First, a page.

July 27, 2004
runway at taxiway HB and halted on Block
141 heading SE
A SERIES of safety measures are
being put forward today after it was revealed
passengers escaping from a burning plane walked out
onto the wing which was on fire. A report by the Department of Transport's Air
Accident Investigation Branch AAIB has now been
published into the incident which took place at
Stansted Airport on February 27, 2002. The right-hand engine of the Ryanair Boeing 737 caught fire as it sat on the
tarmac after landing.
The accident investigation report says that of the
117 passengers, 40 evacuated the plane on the
right-hand side and six opened the emergency exit
above the right wing and walked out – only to be
sent back inside by firefighters trying to tackle
the engine blaze. The report states: "About 40
passengers evacuated onto the right side of the
aircraft, including six onto the right wing. This
placed them in the vicinity of the right engine and
the area where the fire crews were directing their
firefighting efforts. These six passengers were
instructed by the fire crew to return inside the
aircraft and seek an alternative exit."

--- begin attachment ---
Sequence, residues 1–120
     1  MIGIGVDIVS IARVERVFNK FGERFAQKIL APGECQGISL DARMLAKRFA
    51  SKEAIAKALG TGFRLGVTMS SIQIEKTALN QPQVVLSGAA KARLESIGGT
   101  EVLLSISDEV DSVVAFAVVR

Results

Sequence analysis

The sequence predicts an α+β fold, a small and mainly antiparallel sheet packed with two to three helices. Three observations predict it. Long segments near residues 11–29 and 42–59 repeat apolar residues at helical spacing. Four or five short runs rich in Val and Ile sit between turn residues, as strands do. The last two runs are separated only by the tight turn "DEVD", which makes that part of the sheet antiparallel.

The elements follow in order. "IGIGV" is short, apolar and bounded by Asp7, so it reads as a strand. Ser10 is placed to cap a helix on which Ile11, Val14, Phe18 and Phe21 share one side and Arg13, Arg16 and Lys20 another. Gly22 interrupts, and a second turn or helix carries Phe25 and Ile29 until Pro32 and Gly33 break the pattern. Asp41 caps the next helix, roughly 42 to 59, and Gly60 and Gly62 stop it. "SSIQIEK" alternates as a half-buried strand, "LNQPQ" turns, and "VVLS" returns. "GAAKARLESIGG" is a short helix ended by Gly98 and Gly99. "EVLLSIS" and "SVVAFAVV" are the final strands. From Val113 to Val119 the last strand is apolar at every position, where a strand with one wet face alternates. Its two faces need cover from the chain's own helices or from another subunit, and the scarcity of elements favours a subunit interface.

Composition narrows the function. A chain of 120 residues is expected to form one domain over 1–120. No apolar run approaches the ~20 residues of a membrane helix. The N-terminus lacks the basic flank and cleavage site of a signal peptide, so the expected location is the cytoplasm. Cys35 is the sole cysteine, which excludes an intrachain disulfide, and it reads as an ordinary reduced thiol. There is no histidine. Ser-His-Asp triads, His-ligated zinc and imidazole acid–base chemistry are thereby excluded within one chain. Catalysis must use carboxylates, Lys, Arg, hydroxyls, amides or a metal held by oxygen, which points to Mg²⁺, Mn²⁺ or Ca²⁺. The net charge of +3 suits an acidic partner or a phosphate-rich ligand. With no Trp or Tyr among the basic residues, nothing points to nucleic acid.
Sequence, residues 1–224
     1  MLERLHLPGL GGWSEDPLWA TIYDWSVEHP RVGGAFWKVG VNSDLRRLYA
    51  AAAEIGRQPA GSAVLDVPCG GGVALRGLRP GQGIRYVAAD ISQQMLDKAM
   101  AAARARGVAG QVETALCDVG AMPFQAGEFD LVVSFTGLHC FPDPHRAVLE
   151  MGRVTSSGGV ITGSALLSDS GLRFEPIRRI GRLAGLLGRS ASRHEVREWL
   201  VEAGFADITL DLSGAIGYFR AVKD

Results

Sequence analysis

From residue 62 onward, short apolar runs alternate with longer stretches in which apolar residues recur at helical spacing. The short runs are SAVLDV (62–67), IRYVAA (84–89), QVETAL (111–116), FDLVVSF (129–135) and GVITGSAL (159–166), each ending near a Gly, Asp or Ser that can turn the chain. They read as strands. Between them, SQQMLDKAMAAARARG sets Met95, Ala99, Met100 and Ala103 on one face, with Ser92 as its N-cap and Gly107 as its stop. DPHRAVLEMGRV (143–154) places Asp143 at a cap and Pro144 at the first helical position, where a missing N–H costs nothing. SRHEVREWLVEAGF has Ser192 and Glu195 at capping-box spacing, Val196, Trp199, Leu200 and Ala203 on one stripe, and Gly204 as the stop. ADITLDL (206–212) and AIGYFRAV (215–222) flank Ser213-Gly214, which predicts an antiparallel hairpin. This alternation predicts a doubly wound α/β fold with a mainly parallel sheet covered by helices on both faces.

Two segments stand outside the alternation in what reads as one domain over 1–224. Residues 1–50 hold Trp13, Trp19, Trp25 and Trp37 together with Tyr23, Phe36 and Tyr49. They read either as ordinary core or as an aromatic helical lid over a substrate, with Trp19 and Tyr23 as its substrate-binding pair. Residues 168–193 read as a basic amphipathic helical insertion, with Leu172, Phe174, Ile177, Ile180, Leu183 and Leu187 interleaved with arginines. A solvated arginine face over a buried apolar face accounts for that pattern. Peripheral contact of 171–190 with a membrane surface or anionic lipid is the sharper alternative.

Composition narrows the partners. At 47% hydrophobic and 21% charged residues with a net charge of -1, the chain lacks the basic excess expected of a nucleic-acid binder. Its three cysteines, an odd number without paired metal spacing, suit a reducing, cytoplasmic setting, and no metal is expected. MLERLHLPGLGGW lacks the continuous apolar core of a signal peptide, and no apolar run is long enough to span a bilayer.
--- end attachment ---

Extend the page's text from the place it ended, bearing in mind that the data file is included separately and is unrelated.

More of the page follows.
"It is understandable that the passengers did
operate these exits since they could not be expected
to be as aware of the safety issues, nor to exercise
the same discretion as trained cabin crew.
"Four passengers were treated for minor injuries
received during the evacuation."
Prior 737-236 fire (G-BGJL at Manchester
Air port UK on 22 Aug 85 (link)
The evacuation was ordered after
ground crew spotted smoke from the engine, alerted
the control tower who informed the cabin crew and
raised the alarm with the airports fire fighters.
Safety recommendations made in the report include:
the Civil Aviation Authority (CAA) should review the
instructions to fire officers, when attending an
aircraft fire, to ensure that they tell the flight
crew the best route for evacuation.
The report also said airport operators provide
suitable video recording facilities at airports
operating public transport flights in order to
preserve best evidence in the event of an accident
And that the Irish Aviation Authority review cabin
crew training in respect of the operation of all
normal and emergency exits, to ensure that crew
members are familiar with the different operating
procedures. xamination of the engine showed the fire was caused
by the failure of an bearing which led to oil being
released into the hot gas path of the jet.
Were you a passenger involved in this incident or
have you been involved in a similar safety scare?
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